Every now and then I come across something that’s just too good not to share.
This article is based on a video from KordKutters which definitely falls into that category.
If you don’t already follow KordKutters, I’ll give you a little background who they are. KordKutters is the somewhat official side project for Nate and Ned from Team Kodi. The video series is still very Kodi-focused, but they veer off course slightly and discuss other things as well.
In all seriousness, if you’re not watching their videos as well as reading this site, then you need to go subscribe to them too.
Just, finish reading this article first, OK? 🙂
Anyway, when I came across this video I knew instantly that it would be extremely helpful to a ton of people. So that’s why I have to do my part to get it out there for everyone to see.
If you’re like most people, then you probably got into TV boxes and streaming media players as a way to watch Netflix, Hulu, or even your own videos on your TV without a lot of hassle. Kodi gives you the control to do that and so much more.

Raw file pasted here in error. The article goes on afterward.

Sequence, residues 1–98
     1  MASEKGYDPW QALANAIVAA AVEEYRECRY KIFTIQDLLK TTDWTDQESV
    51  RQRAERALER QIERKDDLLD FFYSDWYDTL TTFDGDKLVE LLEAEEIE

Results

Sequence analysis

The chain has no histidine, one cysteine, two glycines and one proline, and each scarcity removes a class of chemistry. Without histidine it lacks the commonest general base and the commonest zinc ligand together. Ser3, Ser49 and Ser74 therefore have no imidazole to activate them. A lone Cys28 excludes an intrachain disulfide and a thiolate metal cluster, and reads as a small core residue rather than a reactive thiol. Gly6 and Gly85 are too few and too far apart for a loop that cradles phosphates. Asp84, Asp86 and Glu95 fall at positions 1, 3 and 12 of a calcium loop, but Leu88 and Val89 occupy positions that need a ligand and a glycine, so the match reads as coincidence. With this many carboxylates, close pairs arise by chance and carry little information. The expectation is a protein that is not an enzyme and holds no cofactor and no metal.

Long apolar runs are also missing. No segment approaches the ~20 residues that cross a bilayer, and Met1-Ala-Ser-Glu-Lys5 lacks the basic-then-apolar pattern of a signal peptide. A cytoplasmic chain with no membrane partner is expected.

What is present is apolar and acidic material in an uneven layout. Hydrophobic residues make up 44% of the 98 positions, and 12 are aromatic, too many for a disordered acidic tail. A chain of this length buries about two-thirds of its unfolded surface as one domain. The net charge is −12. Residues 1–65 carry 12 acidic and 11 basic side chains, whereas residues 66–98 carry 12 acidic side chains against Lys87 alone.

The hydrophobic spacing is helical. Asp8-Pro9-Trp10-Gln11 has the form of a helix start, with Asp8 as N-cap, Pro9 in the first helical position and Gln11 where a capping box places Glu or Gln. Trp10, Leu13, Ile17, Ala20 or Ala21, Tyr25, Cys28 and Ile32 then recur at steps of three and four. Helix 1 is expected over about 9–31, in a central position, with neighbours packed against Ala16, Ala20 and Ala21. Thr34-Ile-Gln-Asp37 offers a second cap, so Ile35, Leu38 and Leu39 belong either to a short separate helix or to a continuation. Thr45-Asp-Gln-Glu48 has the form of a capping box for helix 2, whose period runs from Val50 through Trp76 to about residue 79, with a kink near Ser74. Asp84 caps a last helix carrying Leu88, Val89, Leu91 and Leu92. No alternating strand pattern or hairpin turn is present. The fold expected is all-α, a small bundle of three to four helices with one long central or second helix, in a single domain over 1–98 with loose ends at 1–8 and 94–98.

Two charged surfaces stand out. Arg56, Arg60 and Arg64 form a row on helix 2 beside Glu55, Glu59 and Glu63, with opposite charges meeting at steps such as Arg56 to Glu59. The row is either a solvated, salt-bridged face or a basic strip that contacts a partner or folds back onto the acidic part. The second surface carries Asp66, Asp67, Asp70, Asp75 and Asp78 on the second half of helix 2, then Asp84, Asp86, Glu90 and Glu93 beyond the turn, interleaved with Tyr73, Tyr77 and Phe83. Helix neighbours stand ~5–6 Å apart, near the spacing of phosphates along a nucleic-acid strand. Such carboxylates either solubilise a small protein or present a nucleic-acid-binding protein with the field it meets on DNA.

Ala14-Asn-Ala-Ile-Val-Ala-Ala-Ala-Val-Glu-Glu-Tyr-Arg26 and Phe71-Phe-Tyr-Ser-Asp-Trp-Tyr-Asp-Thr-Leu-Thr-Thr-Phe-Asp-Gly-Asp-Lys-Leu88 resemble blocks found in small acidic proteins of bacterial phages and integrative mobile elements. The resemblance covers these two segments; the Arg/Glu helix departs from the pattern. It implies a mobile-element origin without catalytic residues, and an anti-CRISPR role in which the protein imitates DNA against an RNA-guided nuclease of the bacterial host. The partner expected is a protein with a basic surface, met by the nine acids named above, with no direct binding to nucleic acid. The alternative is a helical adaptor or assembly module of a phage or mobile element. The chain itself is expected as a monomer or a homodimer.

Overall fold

But, it ramps up the complexity level significantly. A lot of people just want that Netflix-interface when they use Kodi, and that’s why Nate made this video.
So, the story in this article belongs to Nate and Team Kodi. I’ve expanded on some things where I thought it was necessary, and added the screenshots you’ll see below. But the content is all his. It’s a great video, and you should definitely watch it.
Why make Kodi look like Netflix?
One of the big benefits of Kodi is that it’s an almost infinitely customizable media center. You can change different aspects of it, either by skins, add-ons or by modifying the code itself.
But what do you do if you have other people in your life – spouses, children or parents, for example – that don’t want to put the time or effort into tweaking Kodi to their own tastes? What if they are used to a Netflix or Hulu type interface, and just want to have Kodi look more familiar?
There are a few different things that we can do to make Kodi look like Netflix. I’ll separate them into four major areas. Three of these are addons which you can install from the official Kodi add-on repository. The last section will cover a minor modification to the keyboard mapping.
Don’t worry, I’ll walk you through everything.